I read of this report in a publication of The McIntosh Church Growth Network. The writer of that article pointed out: " "Apparently, according to this reported study, the more convinced we are of our knowledge, the bigger the gap between what we actually know and what we think we know."
I fear that sometimes we Christians come across as too sure. Sometimes we give the impression that we have all the answers. This only results in our losing credibility with seeking people. They instinctively know that no mortal has all the answers.
A recent issue of The Christian Century contains a review of The Domestication of Transcendence: How Modern Thinking about God Went Wrong by William C. Placher. The book describes the transition from medieval to modern theology. For Placher the central issue is modern theology's neglect of Trinitarian doctrine. The reviewer, Mark Horst, describes Placher's point: "The real crisis in modern thinking about God comes from its essential flatfootedness. Unlike their medieval counterparts, modern theologians talk about God as though they understand what they are saying...He challenges the all too prevalent notion that orthodox Christian doctrine puts God in a box."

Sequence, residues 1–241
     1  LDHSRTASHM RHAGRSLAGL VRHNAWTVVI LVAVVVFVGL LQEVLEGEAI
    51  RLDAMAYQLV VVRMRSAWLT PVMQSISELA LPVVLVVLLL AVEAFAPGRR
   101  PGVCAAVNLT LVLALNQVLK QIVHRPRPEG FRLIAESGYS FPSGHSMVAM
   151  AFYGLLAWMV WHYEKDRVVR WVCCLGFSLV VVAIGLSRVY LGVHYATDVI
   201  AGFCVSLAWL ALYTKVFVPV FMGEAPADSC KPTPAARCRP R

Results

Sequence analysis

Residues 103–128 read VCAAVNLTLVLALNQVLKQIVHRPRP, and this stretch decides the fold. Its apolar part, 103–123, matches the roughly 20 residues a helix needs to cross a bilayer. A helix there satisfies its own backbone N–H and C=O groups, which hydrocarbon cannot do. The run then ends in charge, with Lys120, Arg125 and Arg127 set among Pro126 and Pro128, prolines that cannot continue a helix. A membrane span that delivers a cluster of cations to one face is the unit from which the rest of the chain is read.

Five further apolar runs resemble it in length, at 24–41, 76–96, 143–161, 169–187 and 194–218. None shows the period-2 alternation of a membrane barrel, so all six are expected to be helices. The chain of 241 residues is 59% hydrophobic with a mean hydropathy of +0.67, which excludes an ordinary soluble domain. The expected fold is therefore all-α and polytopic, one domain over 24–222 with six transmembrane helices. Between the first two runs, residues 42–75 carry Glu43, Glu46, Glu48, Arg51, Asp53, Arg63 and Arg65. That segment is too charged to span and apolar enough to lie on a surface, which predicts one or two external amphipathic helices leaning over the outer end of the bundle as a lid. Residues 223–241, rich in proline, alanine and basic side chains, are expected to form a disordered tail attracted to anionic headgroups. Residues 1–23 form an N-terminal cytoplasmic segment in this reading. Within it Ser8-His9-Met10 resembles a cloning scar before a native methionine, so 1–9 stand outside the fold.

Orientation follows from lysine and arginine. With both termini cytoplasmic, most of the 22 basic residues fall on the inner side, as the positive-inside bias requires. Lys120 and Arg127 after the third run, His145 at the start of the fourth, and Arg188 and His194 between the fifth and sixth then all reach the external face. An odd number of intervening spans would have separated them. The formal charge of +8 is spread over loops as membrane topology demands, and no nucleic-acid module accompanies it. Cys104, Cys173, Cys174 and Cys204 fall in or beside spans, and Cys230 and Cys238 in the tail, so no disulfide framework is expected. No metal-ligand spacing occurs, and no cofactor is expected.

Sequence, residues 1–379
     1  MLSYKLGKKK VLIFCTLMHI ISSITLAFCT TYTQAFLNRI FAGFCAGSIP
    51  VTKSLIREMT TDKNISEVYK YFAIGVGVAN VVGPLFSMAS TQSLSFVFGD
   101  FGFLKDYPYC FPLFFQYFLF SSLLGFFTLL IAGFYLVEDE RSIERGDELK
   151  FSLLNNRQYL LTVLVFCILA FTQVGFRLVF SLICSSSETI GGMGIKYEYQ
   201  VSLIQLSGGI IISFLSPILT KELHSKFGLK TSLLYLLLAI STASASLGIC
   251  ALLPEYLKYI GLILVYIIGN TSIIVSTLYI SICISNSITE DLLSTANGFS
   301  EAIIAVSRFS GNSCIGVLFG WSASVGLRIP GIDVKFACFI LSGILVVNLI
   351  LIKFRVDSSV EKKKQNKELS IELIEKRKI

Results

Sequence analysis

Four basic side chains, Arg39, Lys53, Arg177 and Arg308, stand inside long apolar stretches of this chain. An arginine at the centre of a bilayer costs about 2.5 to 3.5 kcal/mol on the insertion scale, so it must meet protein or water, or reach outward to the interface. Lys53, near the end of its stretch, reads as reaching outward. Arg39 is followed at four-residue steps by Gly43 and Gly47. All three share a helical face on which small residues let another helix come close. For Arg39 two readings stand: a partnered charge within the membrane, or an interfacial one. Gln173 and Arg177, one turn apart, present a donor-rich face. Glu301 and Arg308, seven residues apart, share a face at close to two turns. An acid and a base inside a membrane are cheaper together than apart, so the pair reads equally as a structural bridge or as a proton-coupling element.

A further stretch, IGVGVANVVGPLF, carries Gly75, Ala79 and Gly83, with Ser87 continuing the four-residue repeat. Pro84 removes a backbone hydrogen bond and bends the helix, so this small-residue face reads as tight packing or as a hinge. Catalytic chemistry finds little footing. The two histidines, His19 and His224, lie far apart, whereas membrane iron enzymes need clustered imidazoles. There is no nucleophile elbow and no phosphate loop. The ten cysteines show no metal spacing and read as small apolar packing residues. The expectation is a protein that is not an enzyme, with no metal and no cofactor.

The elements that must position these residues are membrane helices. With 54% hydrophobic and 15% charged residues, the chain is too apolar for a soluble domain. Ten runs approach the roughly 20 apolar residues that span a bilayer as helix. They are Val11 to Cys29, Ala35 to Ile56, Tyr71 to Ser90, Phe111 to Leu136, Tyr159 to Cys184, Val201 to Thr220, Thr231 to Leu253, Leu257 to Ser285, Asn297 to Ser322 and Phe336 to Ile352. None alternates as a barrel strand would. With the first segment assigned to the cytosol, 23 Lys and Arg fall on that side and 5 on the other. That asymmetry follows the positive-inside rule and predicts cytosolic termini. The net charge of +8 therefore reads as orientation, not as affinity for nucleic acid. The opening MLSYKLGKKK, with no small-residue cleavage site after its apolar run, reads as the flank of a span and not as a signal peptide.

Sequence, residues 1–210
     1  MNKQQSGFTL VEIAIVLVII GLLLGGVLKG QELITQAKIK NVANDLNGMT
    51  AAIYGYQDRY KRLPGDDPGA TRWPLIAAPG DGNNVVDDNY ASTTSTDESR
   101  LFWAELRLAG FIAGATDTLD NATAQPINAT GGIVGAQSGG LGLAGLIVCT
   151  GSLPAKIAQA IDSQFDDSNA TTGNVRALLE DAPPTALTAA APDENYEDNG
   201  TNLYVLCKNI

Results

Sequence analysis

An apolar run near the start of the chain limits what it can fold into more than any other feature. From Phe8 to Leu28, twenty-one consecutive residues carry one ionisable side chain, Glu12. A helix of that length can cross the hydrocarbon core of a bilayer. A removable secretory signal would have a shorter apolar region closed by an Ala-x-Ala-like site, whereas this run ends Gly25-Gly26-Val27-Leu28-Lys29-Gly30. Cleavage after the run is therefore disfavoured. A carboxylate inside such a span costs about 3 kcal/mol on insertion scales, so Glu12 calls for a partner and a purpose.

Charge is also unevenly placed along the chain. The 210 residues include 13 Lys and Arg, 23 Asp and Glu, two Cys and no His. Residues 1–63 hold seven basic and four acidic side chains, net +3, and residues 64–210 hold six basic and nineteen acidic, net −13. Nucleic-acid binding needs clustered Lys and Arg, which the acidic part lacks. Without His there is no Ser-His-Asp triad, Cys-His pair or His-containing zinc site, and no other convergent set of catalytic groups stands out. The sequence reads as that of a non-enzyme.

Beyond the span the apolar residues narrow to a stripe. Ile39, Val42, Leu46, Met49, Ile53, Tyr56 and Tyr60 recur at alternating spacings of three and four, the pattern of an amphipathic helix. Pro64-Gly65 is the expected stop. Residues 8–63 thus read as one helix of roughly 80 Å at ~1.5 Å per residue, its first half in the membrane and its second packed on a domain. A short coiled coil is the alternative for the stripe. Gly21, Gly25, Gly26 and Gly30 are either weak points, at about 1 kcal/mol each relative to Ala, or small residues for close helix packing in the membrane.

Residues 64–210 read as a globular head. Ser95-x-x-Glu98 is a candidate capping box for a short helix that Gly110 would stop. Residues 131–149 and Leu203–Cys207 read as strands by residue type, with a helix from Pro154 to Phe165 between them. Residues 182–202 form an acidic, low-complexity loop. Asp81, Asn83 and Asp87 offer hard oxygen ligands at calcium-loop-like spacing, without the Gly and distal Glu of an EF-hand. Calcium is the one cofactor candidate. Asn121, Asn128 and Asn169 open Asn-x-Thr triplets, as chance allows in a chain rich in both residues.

Placher writes that Aquinas, Luther, and Calvin in "their different ways...emphasized how little we can understand about God, and how inadequate our language is for talk about God..."
We moderns, whether we be conservative or liberal, have all too often pretended that our vision of God is completely clear and unclouded. Sometimes we even pretend that we are being biblical when we do so. Nothing could be further from the truth. It was Paul who wrote: "At present we see only puzzling reflections in a mirror...My knowledge now is partial." Paul pointed to a day when "we shall see face to face" and our knowledge "will be whole." (I Corinthians 13:12) That day is not yet. We don't yet know all the answers. We only point to the Person in whom we believe all the answers will finally be found.
©1997 C. David Hess